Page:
BANGKOK -- In Thailand, telecommunication giants form a pillar of its startup ecosystem. They had to seek next-generation technologies when the transition to smartphone hit the country a decade ago.
Partly threatened by digital disruption brought by tech companies, banks have become another pillar of the Southeast Asian country’s innovation drive.
“In China, banks are losing data to players like WeChat and Alipay. That’s going to happen in Thailand,” Kampanat Vimolnoht, head of investment & strategic partnership at Krungsri Finnovate told The Investor in a recent interview.
That is why Bank of Ayudhya, commonly known as Krungsri, launched the country’s first fintech accelerator program three years ago. Krungsri is the fifth-largest financial group in Thailand and a subsidiary of Japan’s Mitsubishi UFJ Financial Group.
Kampanat Vimolnoht, head of investment & strategic partnership at Krungsri Finnovate
“Krungsri Finnovate can help the group explore opportunities to work with technology and startups to accelerate its digital transformation,” Vimolnoht said.
It currently two runs accelerator programs, a strategic partnership program which links startups and the banking group’s various business units. It also directly invests in promising startups via its corporate venture capital unit.
It has invested in 35 companies so far and this year it is seeking startups with technologies in artificial intelligence, machine learning, blockchain, auto loans and mortgages.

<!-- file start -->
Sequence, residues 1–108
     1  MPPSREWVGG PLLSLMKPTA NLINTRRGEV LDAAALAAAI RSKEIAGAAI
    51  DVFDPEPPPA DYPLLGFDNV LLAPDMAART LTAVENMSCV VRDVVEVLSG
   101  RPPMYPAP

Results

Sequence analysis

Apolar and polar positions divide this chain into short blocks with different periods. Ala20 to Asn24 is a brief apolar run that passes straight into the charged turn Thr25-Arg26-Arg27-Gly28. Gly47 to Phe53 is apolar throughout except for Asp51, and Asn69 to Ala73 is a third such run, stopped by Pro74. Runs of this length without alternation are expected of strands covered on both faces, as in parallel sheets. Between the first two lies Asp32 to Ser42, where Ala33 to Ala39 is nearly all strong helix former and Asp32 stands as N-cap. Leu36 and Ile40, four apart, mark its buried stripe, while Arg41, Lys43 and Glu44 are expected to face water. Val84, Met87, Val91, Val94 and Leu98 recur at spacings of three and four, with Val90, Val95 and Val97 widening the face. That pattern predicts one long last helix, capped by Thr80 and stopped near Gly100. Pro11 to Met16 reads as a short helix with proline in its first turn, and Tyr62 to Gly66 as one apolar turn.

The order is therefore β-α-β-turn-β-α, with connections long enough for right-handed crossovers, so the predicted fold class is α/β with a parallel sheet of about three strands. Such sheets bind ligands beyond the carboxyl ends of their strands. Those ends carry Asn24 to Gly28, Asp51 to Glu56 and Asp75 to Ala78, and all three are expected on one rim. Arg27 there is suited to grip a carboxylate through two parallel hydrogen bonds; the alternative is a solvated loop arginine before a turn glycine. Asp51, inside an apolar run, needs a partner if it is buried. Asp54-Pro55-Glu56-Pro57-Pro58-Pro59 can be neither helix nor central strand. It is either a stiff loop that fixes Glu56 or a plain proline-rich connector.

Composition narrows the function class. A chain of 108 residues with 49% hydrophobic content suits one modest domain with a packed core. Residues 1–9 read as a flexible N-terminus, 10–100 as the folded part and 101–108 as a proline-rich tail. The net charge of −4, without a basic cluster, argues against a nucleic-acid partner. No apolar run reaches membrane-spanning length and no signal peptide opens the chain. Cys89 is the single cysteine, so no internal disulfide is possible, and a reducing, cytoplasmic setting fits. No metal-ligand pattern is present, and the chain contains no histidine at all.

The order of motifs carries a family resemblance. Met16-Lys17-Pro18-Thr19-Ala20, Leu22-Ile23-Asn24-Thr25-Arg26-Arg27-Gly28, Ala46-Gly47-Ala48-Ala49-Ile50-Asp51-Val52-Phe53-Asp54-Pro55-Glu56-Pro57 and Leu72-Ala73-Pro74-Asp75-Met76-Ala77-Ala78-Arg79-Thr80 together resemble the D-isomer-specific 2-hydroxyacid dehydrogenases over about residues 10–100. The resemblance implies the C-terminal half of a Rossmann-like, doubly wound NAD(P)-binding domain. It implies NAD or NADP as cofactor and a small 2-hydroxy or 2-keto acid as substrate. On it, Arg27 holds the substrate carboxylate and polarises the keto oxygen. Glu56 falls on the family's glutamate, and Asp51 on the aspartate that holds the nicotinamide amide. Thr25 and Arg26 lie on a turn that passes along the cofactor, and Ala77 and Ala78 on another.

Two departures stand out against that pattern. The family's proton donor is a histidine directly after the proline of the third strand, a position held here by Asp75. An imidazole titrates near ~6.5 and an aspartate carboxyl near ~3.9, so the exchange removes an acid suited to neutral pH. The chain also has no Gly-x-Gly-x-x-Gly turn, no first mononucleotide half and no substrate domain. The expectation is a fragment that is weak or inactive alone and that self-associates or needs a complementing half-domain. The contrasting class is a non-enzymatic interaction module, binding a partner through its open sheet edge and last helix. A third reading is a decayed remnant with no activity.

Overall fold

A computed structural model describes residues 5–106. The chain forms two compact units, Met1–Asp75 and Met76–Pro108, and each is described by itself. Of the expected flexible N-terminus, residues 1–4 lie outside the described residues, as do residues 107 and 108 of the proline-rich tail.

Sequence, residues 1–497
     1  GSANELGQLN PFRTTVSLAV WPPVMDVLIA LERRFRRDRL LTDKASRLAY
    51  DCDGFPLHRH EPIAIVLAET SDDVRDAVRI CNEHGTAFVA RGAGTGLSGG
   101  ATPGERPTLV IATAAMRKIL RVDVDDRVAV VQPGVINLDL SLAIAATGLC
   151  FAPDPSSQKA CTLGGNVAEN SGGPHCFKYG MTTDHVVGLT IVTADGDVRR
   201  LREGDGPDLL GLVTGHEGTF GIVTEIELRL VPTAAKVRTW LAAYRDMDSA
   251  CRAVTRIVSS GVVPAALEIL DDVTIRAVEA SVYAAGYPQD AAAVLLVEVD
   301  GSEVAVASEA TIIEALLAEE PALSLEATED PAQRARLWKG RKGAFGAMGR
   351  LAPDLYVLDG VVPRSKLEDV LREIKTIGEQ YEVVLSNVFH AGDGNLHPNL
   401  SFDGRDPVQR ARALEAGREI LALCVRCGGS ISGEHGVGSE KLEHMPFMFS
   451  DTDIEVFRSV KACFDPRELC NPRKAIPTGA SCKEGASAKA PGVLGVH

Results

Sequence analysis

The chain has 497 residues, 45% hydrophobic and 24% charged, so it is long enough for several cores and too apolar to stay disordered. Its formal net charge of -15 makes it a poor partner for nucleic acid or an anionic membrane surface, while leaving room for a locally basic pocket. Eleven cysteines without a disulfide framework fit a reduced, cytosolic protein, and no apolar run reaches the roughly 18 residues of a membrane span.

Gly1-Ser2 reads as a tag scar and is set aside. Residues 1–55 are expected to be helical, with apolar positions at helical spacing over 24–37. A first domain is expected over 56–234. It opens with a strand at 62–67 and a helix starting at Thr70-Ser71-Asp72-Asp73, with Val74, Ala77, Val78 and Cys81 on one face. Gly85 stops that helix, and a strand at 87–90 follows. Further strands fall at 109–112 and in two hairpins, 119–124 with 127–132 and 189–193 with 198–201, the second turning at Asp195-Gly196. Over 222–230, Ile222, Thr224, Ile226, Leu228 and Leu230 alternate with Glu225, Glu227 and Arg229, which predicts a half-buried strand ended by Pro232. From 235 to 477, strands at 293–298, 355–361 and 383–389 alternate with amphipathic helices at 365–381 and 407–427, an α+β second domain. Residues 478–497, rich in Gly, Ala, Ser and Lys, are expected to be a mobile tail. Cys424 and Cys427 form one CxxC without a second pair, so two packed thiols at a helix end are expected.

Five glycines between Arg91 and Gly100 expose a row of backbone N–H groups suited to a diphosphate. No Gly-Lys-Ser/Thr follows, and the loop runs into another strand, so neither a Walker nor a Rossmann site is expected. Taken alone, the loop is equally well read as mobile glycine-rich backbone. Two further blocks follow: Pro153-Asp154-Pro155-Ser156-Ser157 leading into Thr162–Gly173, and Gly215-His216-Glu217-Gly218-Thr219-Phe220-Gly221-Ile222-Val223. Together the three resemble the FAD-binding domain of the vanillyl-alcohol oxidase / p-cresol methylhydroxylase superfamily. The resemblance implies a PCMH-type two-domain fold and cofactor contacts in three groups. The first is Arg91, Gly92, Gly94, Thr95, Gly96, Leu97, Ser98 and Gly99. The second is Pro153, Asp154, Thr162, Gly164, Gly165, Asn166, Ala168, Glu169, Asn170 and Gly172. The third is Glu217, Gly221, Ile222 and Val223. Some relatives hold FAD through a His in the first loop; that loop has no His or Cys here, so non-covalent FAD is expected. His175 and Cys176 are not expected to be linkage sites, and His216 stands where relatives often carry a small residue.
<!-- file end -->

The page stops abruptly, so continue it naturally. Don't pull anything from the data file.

Vimolnoht predicted an interesting development in the country’s fintech industry in the next few years partly because Thailand’s financial sector has a series of issues.
“There are many challenges in Thailand including difficult electronic Know Your Customer and low financial literacy, which means there are huge opportunities for fintech companies to help solve these problems for society,” Vimolnoht said.
In the country with a population of almost 70 million, more than 90 percent of the population is banked but 40 percent of them are underserved, Vimolnoht said. “Majority of Thai people find it hard to invest and have limited access to financial products,” he added.
“Startups that can help enhance the financial literacy of Thai people could have a chance to attain to economic benefits from such opportunities,” he noted.
He pointed out the insufficient e-KYC, online authentication mechanism for people, has made it difficult to acquire customers.
“Customer acquisition journey has been killed by most of the traditional KYC which makes opening new accounts for any financial product very difficult. Thailand has started developing such e-KYC now, driven by the government,” Vimolnoht said.
“Once e-KYC is mass adopted, it will be a catalyst for the growth of fintech industry here.”
By Park Ga-young (firstname.lastname@example.org)
This article is the result of collaboration between the Korea Herald and Antara, sponsored by the Korea Press Foundation.